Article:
As is traditional with Vauxhall products, though, some of the switchgear and plastics still feel a bit cheap. The company has tried to liven things up a bit with some sporty seats and pedals, but there’s something dark and dull about other aspects of the cabin that lowers the tone slightly. That said, most of the things you touch regularly – the steering wheel buttons and the gear lever, for example – are pretty well made.


The Grandland is not the most spacious SUV on the market, but it's big enough to seat four adults in comfort. Rear legroom isn't exactly plentiful, but it's adequate, and headroom is even better. But without a panoramic roof, the Grandland doesn't feel especially roomy, and other SUVs provide more capacity. Like other hybrid versions of the Grandland, however, the GSe has a more cramped boot than the standard car, which has more than 500 litres of luggage space. Opt for the hybrid, though, and that falls to 390 litres, which is barely more than you'll get from a standard Volkswagen Golf.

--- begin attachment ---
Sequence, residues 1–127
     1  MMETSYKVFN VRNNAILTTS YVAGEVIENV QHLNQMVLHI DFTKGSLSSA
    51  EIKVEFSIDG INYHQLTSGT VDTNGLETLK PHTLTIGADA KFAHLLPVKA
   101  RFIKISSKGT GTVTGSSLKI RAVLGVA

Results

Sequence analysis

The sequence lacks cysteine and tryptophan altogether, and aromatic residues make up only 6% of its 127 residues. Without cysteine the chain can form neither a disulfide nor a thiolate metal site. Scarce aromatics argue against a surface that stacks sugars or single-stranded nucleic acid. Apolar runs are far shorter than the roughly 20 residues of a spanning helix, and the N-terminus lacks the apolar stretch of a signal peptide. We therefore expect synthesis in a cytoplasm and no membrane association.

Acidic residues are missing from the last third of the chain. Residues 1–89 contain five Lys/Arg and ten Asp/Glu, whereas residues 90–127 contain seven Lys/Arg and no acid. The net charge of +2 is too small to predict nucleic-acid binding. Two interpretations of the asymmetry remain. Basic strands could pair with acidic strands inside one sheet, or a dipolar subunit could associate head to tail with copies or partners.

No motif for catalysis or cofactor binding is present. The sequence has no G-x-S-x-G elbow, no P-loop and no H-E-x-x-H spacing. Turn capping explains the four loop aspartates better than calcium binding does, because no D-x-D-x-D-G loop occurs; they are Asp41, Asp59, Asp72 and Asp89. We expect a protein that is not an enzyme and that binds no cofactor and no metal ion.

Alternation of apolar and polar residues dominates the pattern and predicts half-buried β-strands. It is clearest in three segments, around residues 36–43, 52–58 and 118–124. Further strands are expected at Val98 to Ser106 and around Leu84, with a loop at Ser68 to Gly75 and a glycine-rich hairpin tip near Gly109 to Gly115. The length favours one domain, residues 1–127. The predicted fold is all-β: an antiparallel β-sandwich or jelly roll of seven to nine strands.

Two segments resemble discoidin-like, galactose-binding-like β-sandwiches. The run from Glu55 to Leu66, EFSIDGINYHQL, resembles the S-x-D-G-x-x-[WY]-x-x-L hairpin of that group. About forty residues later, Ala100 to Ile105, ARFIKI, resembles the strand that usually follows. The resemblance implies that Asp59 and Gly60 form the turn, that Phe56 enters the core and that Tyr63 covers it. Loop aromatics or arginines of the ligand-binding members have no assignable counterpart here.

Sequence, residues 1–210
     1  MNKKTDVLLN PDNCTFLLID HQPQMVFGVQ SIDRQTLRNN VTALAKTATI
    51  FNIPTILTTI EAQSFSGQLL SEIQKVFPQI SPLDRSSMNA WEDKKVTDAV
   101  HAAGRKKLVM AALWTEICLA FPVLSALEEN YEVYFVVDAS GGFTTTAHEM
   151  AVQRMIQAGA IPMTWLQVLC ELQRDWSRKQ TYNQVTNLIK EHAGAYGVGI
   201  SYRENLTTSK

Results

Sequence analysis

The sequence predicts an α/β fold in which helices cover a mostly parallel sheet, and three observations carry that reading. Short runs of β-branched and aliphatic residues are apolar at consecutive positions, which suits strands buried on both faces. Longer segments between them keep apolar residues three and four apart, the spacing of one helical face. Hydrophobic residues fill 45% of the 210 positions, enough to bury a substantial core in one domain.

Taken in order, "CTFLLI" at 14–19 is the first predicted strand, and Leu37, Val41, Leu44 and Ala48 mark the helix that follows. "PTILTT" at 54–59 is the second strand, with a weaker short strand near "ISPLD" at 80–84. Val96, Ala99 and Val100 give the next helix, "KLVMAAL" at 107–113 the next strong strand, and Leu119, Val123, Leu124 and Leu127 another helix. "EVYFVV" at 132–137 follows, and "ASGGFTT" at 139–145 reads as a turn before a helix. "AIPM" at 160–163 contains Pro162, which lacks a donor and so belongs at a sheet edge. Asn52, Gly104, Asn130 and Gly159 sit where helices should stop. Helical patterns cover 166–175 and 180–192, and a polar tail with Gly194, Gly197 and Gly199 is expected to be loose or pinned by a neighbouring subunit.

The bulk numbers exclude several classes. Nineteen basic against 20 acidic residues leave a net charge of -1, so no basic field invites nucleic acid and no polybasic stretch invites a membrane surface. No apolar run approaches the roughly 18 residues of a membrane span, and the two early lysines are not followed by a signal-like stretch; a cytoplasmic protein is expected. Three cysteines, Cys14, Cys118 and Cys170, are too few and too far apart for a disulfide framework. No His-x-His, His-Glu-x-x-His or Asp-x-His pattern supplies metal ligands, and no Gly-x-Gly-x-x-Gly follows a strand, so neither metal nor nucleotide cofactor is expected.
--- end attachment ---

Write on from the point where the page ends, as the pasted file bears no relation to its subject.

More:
Under the bonnet, the Grandland GSe has much the same hybrid system as the Astra GSe, with a 1.6-litre petrol engine helped out by an electric motor. Unlike the Astra GSe, though, the Grandland GSe gets 299hp, which is split between all four wheels. Performance is still brisk, rather than rapid, but a Golf GTI-rivalling 0-62mph time of around six seconds isn't bad for a big(-ish) Vauxhall.

And on the official economy test, at least, it's relatively economical. With the 14.2kWh battery offering an all-electric range of 40 miles, although 30 is probably more realistic from day to day, it's capable of ambling around town almost exclusively on electric power, and if you charge it regularly it could prove very cheap to run. The official 235mpg efficiency is probably out of reach for the vast majority of customers, though.

Ride & Handling